Why do we feel more comfortable judging women as mommies than we do anyone or anything else?? I cannot think of another arena into which so much sanctimony is brought as readily…. why is that???

  13. Daphne and Lisa, thanks for your responses. Daphne, I am glad you got a laugh out of it – that was the intent. Absolutely right the the tragedy + time rule applies. Hell, if it didn’t I would be a complete emotional cripple. But, really I do find it kind of ridiculously amusing as an adult. Especially now that I can see my mother as a human and see that she had her reasons and needs for going…and it’s no Terms of Endearment kinda situation. I love my mom much…mistakes and all.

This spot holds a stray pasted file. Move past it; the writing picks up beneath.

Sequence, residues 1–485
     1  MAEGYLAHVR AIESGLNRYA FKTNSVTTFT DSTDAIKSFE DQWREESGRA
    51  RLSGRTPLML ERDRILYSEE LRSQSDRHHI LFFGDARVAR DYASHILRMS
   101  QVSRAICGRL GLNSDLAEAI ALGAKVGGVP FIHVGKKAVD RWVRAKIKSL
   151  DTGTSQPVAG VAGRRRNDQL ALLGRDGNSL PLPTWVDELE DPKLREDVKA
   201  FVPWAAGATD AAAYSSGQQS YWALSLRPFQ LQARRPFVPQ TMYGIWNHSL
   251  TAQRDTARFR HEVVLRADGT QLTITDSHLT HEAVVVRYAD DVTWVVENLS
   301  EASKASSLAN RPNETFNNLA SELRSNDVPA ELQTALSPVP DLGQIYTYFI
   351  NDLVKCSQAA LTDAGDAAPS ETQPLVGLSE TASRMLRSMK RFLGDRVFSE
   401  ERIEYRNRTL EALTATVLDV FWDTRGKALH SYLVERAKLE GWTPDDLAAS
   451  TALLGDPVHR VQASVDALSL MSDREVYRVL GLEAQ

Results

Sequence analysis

Not to totally hi-jack this post topic, but I do agree with you, Lisa, that mommies is bitches. I, along with most of my friends, am a complete liberal. Very open-minded. But when it comes to motherhood, become judgmental and closed-minded in the blink of an eye. I was completely shocked when I was first exposed to this behavior and even more so when I willingly and naturally joined in. Getting through my daughter’s preschool years was a try and tear-filled time. And I’m not talkin about drop off and pick up time, that’s for sure.

    So, I can’t answer your question, but I would love it Daphne would start a whole new discussion.

  14. Lisa, oh dear, I didn’t mean to imply that secretly preschool teachers wish those mommies would all go away. I kick out the parents on the FIRST day to put an end to those prolonged goodbyes, and it has always worked well for me. Within a month I’ve got — and welcome with open arms — as many parent volunteers as I can get. And I do have moms who come in and hang out and help out at the beginning of the morning and I think it’s wonderful.